China on Tuesday morning passed a controversial national security law aimed at tightening Beijing’s control over Hong Kong, a measure pro-democracy critics say will erode the civil liberties of Hong Kong residents.
Beijing’s National People’s Congress bypassed Hong Kong’s legislature and passed the law unanimously. The law will reportedly go into effect immediately.
China claims that the national security law is necessary to crack down on separatism, subversion, terrorism, and foreign intervention in Hong Kong. The measure would also allow China’s state security agencies to operate in the territory, although details of the legislation have not been released.
Critics and pro-democracy activists in Hong Kong have warned that the law, which comes after months of pro-democracy demonstrations among residents of the territory, will erase the “one country, two systems” arrangement between Hong Kong and Beijing and will subvert the freedoms currently enjoyed by Hong Kong residents, including the right to assembly, a free press, and a judiciary system independent of mainland China.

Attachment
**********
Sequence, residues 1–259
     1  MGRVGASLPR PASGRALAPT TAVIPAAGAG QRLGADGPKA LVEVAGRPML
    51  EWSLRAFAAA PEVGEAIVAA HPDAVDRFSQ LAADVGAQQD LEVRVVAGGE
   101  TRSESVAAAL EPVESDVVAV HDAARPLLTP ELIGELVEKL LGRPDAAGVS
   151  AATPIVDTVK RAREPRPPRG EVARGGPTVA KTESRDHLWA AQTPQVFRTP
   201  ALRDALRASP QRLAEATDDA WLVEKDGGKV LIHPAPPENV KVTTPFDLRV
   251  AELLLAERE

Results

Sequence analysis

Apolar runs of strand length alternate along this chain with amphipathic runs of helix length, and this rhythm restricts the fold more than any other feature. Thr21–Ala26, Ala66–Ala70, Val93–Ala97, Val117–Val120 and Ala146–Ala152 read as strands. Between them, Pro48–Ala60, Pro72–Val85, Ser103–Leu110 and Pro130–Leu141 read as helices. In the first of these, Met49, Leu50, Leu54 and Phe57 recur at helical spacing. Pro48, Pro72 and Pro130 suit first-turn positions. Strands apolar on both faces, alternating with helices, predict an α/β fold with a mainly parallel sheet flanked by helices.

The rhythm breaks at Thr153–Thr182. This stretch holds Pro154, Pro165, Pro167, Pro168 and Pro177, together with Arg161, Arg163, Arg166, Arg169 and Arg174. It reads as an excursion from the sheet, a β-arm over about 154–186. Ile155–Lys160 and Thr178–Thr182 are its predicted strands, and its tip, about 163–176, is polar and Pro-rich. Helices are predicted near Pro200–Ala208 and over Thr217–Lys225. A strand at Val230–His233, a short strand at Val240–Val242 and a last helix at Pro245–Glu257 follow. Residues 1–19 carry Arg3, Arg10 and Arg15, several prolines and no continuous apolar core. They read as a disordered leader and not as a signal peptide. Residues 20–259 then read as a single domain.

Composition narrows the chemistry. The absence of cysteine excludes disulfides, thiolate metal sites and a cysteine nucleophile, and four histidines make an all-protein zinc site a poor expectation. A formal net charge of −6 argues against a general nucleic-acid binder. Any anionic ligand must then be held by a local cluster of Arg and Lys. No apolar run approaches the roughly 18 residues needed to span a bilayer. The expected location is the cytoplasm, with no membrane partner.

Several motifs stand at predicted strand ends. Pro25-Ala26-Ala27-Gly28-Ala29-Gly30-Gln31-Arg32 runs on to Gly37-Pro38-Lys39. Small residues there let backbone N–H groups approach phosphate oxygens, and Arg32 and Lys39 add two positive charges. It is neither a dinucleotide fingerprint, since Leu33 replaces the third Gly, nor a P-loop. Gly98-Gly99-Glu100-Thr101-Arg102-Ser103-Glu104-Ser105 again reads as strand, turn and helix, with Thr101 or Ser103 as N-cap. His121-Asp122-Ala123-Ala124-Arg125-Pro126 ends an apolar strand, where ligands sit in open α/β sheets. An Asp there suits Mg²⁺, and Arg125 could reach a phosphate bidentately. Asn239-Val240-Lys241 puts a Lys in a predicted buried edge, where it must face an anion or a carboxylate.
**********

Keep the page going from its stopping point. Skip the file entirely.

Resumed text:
President Xi Jinping signed the law, which will be entered in Hong Kong’s mini-constitution and will enable China to crack down on protests.
Hong Kong’s leader, Carrie Lam, spoke in favor of the law, saying it fills a “gaping hole” in national security and promising that it would not harm Hong Kong’s autonomy.
Secretary of State Mike Pompeo told Congress last month that the city of Hong Kong no longer “maintains a high degree of autonomy from China,” an appraisal that indicates the U.S. may end its special trading relationship with the financial hub.
British Prime Minister Boris Johnson said earlier this month that the United Kingdom is ready to offer refuge and a path to citizenship to nearly three million Hong Kong citizens should China follow through on implementing the national security laws. Johnson said the laws violate the terms of the Sino-British Joint Declaration, the agreement the U.K. reached with China after Hong Kong returned to Chinese sovereignty in 1997.
However, HSBC, the large U.K.-based bank, has signaled its support for the law earlier this month, the chief executive for the global bank’s Asia-Pacific region signing a petition in favor of it.